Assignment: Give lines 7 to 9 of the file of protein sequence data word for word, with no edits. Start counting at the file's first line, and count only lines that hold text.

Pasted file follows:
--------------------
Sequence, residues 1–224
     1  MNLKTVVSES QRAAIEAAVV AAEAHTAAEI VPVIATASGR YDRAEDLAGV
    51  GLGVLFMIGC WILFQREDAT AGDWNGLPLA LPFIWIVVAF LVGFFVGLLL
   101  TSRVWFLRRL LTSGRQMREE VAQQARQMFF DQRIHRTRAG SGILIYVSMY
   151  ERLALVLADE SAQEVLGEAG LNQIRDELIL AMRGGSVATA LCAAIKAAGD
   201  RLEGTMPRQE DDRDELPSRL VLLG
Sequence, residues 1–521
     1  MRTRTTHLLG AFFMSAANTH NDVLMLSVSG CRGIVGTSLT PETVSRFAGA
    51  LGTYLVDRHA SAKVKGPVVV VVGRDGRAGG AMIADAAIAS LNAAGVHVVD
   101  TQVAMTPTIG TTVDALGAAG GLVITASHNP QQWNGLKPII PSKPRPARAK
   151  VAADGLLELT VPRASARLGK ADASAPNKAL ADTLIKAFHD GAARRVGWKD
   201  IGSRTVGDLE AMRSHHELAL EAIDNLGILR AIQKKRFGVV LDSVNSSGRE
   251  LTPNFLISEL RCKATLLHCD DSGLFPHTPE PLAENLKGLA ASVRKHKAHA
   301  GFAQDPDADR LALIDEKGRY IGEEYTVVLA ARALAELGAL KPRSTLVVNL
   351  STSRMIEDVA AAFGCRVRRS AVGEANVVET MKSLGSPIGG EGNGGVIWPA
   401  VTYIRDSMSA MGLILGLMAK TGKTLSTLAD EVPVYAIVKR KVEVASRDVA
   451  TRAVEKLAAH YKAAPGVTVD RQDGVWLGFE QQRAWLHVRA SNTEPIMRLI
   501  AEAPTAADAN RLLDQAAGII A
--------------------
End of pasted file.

Sequence, residues 1–521
     1  MRTRTTHLLG AFFMSAANTH NDVLMLSVSG CRGIVGTSLT PETVSRFAGA
    51  LGTYLVDRHA SAKVKGPVVV VVGRDGRAGG AMIADAAIAS LNAAGVHVVD